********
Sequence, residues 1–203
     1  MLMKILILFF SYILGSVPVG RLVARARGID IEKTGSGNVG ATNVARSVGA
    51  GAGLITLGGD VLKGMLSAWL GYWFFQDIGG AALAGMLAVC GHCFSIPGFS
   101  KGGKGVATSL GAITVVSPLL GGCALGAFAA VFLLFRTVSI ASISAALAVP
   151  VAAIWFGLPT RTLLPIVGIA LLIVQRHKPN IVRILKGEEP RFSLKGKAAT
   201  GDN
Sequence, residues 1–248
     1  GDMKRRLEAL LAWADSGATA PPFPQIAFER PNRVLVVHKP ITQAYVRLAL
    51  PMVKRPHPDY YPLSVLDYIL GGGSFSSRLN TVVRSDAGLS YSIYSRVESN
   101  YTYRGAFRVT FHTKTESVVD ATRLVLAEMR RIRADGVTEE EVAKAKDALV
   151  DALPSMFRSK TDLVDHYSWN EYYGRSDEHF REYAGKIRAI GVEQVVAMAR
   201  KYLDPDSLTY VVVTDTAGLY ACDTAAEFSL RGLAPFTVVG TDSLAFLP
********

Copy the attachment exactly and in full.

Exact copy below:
Sequence, residues 1–203
     1  MLMKILILFF SYILGSVPVG RLVARARGID IEKTGSGNVG ATNVARSVGA
    51  GAGLITLGGD VLKGMLSAWL GYWFFQDIGG AALAGMLAVC GHCFSIPGFS
   101  KGGKGVATSL GAITVVSPLL GGCALGAFAA VFLLFRTVSI ASISAALAVP
   151  VAAIWFGLPT RTLLPIVGIA LLIVQRHKPN IVRILKGEEP RFSLKGKAAT
   201  GDN
Sequence, residues 1–248
     1  GDMKRRLEAL LAWADSGATA PPFPQIAFER PNRVLVVHKP ITQAYVRLAL
    51  PMVKRPHPDY YPLSVLDYIL GGGSFSSRLN TVVRSDAGLS YSIYSRVESN
   101  YTYRGAFRVT FHTKTESVVD ATRLVLAEMR RIRADGVTEE EVAKAKDALV
   151  DALPSMFRSK TDLVDHYSWN EYYGRSDEHF REYAGKIRAI GVEQVVAMAR
   201  KYLDPDSLTY VVVTDTAGLY ACDTAAEFSL RGLAPFTVVG TDSLAFLP